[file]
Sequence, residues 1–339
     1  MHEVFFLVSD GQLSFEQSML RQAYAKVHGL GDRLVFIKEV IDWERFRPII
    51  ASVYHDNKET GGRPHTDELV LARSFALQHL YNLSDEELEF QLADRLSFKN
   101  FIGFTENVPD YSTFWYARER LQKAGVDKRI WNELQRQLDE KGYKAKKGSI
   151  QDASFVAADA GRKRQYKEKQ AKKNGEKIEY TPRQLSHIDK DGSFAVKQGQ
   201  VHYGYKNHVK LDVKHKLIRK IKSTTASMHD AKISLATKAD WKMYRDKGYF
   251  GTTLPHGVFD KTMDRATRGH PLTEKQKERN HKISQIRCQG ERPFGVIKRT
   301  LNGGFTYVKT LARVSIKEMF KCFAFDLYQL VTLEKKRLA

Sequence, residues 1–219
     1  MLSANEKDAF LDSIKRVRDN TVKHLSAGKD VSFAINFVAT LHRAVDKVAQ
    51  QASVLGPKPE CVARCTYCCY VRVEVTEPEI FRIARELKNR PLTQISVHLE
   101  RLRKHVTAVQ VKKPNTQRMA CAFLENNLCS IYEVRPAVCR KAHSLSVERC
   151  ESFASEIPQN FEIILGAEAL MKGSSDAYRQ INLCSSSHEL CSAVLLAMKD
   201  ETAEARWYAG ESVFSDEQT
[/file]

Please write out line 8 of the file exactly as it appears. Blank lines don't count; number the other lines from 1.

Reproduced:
   301  LNGGFTYVKT LARVSIKEMF KCFAFDLYQL VTLEKKRLA